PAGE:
Volume 37 Issue 2
ConservationÂ’s richest innovation in decades has been the conservation easement. But with the demand for homes and second homes in rural and Â“exurbanÂ” environments soaring, the price of landscape scale easements keeps rising, even as more of what is supposedly protected faces new risks. Professor Colburn argues that the necessity of condemning conservation easements from those who would subdivide and develop large ownerships must prevail over the political complications and costs of doing so, at least if local communities hope to preserve their own biodiversity.
This Article examines the impact of biotechnology on international trade relations between the United States and the European Union, focusing on existing and potential disputes over trade in meat treated with hormones, genetically modified organisms, and meat and dairy products from cloned animals. The Article reviews the ongoing United StatesÂ–European disagreements over the social, ethical, and environmental implications of producing, using, and trading the products of modern science and considers whether the cloned foods debate is likely to shift the nature of the biotechnologyÂ–food debate and whether such a shift is necessary and desirable.
Andrew C. Hanson & David C. Bender
Though not historically subject to the Clean Water Act, cranberry farms are water-intensive and frequently have negative impacts on water quality due to excessive discharges of phosphorus and pesticide residue. The authors demonstrate why a recent public nuisance lawsuit in Wisconsin against a cranberry grower proved to be largely ineffective, and argue that the NPDES permit system would provide a more efficient means to control pollution from cranberry farms, despite the Â“irrigation return flowÂ” exemption in the CWA.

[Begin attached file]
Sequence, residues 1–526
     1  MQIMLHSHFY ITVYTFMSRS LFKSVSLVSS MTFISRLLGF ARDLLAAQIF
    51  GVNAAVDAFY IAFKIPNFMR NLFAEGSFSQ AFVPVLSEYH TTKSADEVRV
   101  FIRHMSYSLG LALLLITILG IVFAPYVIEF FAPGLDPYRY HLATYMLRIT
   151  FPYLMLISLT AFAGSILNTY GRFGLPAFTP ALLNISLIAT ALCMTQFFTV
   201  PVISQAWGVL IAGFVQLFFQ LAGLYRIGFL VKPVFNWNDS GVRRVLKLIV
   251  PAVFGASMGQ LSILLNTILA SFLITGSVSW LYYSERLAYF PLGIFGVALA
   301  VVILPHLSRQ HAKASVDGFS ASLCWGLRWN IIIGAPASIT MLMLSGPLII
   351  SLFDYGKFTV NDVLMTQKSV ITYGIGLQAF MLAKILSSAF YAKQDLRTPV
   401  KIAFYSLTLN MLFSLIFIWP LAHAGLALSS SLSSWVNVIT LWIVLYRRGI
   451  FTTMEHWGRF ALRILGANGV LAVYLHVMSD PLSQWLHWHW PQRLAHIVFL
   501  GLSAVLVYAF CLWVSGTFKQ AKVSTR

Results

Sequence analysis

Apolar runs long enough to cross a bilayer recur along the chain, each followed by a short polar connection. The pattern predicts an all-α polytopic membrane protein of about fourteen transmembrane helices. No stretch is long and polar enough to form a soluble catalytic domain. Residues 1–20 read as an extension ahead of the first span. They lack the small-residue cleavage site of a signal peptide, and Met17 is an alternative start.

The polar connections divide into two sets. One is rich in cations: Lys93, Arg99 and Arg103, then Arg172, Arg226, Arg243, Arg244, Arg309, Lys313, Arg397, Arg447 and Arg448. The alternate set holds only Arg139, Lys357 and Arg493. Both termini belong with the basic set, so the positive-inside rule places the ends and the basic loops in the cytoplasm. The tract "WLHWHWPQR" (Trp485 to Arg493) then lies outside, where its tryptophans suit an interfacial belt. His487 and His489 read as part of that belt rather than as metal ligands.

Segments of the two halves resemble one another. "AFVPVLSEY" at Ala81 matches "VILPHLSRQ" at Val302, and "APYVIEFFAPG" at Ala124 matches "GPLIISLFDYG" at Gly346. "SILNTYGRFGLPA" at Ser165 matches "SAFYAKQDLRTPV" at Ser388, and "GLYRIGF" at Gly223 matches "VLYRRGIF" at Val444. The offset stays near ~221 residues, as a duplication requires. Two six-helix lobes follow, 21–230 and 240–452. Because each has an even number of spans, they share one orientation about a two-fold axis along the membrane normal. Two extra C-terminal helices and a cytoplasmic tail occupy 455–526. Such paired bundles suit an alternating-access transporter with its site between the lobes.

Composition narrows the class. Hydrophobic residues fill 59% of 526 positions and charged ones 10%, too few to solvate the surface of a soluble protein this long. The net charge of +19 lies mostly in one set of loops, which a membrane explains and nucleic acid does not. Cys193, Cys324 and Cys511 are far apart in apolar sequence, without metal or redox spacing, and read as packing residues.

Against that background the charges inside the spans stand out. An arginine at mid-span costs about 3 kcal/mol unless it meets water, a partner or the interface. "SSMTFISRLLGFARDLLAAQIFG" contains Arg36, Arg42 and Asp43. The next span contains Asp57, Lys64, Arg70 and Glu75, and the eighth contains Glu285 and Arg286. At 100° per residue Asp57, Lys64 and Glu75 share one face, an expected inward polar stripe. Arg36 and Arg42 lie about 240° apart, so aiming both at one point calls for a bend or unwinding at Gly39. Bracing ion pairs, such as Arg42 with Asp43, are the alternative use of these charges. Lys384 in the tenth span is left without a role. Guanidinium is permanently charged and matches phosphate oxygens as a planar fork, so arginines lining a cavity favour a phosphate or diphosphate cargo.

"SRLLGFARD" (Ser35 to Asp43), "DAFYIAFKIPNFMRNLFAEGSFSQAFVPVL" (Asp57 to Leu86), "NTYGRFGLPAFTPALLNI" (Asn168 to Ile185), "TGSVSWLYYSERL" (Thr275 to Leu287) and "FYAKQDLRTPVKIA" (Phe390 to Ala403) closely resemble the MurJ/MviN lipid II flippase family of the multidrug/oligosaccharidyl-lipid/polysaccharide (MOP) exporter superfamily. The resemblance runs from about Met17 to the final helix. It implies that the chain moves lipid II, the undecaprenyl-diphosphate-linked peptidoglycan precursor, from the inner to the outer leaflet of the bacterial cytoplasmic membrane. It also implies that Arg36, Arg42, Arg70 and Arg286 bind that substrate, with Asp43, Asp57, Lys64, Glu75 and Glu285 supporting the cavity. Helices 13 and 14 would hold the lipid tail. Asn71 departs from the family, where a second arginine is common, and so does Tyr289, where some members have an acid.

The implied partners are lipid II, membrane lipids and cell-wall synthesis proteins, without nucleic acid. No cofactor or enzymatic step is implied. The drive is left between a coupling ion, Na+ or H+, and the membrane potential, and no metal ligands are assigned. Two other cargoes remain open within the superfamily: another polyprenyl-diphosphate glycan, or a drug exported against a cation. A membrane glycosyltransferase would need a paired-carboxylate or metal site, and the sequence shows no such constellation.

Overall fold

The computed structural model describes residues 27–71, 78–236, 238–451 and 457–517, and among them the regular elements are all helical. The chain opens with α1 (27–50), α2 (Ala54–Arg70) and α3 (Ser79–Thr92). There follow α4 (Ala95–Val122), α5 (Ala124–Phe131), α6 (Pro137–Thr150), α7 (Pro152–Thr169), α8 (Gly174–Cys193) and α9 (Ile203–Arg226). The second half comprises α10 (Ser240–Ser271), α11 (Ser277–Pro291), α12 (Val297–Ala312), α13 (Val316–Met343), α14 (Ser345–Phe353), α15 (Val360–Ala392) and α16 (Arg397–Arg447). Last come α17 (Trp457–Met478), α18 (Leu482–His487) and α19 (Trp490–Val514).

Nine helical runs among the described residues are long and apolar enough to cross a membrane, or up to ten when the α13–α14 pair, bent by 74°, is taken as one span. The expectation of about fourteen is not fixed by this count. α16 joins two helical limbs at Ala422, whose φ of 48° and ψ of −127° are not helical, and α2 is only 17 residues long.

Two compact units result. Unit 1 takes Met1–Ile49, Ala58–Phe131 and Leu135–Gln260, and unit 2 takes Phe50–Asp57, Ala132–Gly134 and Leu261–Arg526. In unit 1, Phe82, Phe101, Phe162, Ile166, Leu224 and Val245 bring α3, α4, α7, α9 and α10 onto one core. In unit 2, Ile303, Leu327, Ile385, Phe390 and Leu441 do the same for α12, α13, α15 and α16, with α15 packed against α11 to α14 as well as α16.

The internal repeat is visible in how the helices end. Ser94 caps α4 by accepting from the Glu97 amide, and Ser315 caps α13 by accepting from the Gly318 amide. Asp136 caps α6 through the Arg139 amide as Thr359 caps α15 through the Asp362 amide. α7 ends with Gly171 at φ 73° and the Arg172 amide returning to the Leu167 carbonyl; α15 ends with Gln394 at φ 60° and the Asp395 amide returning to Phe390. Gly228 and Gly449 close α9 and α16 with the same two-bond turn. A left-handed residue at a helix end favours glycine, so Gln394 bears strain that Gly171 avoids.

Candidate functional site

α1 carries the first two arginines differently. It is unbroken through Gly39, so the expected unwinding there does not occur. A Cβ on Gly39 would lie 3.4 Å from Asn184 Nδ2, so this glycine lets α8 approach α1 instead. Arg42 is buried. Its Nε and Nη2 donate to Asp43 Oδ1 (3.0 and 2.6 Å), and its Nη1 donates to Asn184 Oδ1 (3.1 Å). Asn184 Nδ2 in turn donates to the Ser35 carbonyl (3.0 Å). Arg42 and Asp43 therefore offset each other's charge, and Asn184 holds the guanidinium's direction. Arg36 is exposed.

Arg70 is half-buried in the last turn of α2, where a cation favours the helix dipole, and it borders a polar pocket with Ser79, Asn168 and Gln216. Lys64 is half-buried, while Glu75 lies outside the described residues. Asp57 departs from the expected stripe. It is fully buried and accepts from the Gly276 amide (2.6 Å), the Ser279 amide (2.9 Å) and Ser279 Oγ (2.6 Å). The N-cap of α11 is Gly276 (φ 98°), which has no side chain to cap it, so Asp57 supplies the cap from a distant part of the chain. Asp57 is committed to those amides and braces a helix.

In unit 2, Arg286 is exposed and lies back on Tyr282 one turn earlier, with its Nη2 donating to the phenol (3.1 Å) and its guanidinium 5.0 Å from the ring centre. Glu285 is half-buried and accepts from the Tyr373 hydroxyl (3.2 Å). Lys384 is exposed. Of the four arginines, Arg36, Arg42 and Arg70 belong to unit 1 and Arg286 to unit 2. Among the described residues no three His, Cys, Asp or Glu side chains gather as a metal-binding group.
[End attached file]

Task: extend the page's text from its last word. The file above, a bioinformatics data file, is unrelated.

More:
The issue of environmental degradation is broad and complex. This Article endeavors to better understand one particular aspect, namely the phenomenon of environmentally-induced migration. While the international definition of a refugee has divided scholars, it is now time to refocus the discussion to set forth constructive solutions.
For more than 25 years, private parties cleaning up contaminated sites have used CERCLA to spread costs to others who played a role in causing the contamination. In Atlantic Research, the Government has argued in favor of limiting the ability of private parties to seek reimbursement. This Amici Brief, filed with the Court April 5, 2007, supports the ability of potentially liable parties to seek recovery of a portion of the clean up costs.
The moral and scientific reasoning behind the U.S. refusal to become a Party to the Kyoto Protocol has been debated, and the potential environmental consequences of that decision cannot be ignored. But what about the effect on the American economy? This Comment discusses the likely impact of the Bush Administration's opposition to the anti-global warming treaty in light of the government's claim to be acting in the best interests of the American economy.
Common law, particularly federal common law, remedies to environmental harms are often passed over for complex statutory provisions. Yet, as new environmental threats appear and Congress has neglected to address particular issues, the common law can provide an important avenue to protect environmental values and spur political action. This Comment examines how and when common law can work to redress harms that go beyond explicit statutory remedies.
Lisa A. Kelley
Harvesting renewable energy from our oceans can be done through the development of wave farms. By promoting these developments, coastal states such as Florida may be able to meet increasing energy demands while simultaneously protecting our environment.